Portrait of the Artist

Brenda Mallory

Repurposed Reality

By Noelani Kirschner | April 8, 2019
<em>Reformed Packings #11</em>, Honeycomb paper, paint, encaustic, 40 x 40 x 2 inches.
Reformed Packings #11, Honeycomb paper, paint, encaustic, 40 x 40 x 2 inches.

Multidisciplinary artist Brenda Mallory grew up as a member of the Cherokee Nation in Oklahoma and has lived in Portland, Oregon, for more than 20 years. In 2015, she was awarded a residency at GLEAN, a Portland-based art program that encourages artists to create works that draw attention to consumption and waste. Here, she discusses her Reclaimed and Reformed series.


“I’ve always worked with mixed media. I like working with things that are found, rather than buying new things and cutting them up. That’s how I got my start—for an assignment in art school, I started using cloth mixed with wax. I had access to piles and piles of scrap fabric that was basically in the same shape. It’s malleable like clay but not fragile.

When I was a GLEAN resident, I had five months to work at the local dump. Almost all of the works in the Reclaimed and Reformed series were made from objects I found there. For Reformed Packings #12, I used honeycomb packing material as a substrate. It comes in 4’ x 8’ sheets and is very strong. I reform it so that it becomes fragile, and then I paint it. Drive Belt #1 (Red) is made from drive belts—the ones that are in our car engines.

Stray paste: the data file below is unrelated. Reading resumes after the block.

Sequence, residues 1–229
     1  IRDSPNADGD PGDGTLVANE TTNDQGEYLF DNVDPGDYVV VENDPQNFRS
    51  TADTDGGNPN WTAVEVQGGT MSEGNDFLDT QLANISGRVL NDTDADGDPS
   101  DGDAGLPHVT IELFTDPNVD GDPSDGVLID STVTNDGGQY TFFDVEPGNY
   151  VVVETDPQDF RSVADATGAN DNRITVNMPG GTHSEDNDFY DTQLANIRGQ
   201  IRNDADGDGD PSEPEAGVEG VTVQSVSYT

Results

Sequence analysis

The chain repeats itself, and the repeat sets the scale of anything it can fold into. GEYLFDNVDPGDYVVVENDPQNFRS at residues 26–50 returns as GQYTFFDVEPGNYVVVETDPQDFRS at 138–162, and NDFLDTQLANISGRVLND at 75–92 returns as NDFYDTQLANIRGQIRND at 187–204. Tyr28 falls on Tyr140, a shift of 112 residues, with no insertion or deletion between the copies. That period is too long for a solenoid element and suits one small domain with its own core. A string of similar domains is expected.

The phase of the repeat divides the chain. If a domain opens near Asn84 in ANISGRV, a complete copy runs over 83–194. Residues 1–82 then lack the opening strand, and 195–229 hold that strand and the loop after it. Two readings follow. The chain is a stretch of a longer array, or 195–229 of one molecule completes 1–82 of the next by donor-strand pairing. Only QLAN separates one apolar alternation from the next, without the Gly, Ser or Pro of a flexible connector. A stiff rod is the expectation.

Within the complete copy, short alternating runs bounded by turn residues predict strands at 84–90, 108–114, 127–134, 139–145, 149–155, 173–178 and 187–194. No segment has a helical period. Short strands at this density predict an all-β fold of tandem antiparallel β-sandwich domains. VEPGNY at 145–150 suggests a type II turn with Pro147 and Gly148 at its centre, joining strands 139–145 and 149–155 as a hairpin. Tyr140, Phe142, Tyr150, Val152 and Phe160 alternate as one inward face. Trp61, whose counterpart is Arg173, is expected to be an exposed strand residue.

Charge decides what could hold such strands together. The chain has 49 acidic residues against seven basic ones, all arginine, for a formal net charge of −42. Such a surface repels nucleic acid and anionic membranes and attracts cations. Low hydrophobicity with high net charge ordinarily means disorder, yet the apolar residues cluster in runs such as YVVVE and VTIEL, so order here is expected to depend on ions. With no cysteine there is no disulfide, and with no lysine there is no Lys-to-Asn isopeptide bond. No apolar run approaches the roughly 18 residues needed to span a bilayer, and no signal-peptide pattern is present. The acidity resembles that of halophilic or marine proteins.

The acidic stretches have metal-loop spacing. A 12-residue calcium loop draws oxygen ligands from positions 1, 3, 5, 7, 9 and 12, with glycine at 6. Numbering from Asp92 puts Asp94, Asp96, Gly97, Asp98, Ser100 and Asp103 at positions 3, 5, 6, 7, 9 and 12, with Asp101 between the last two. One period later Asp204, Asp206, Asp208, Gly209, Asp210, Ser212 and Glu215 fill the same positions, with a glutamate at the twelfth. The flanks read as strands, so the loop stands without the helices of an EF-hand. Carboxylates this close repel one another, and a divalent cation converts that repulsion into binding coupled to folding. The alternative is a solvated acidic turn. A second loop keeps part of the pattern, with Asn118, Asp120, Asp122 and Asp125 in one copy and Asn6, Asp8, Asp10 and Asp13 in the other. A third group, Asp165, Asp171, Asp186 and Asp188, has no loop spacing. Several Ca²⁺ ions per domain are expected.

You would not believe the number of new or perfectly usable things that get tossed into the trash. The fact that we throw this stuff away indicates to me how we devalue labor. All of these consumer goods are somewhere else where labor is cheap—so cheap that we can throw away hundreds of dollars of material goods, only to buy more. The sociology of consumption is built into my series.


  • Reformed Order


I grew up poor. My grannies used to save everything. I still have some potholders that my granny made out of old clothes. Who would do that anymore? Maybe someone doing it in a DIY or crafty way—it’s niche. We don’t need this art that I’m making to put on the wall. But my granny needed those potholders, and cloth was valuable at the time. We didn’t waste anything.

The monochrome palate is because I’m not a painter and fear color. I have been working for a long while with this idea of the ‘broken.’ The broken line or the broken form that gets reshaped and put back together. In my mind, it becomes more interesting because of that—where you can see the repair or the seam along which things were reassembled. For instance, I cut apart firehoses and put them back together. In the pieces, you can see the frayed edge. To me, it’s about disruption. In school, I learned about the disruption of our ecosystems. But as time went on, I kept thinking about disruption on a larger scale—how our cultures are disrupted. Historically, my culture was disrupted by the Trail of Tears when the Cherokee were forcibly moved to Oklahoma. The fact that a whole culture could be uprooted, moved to a new place, and then keep going—it’s incredible.”

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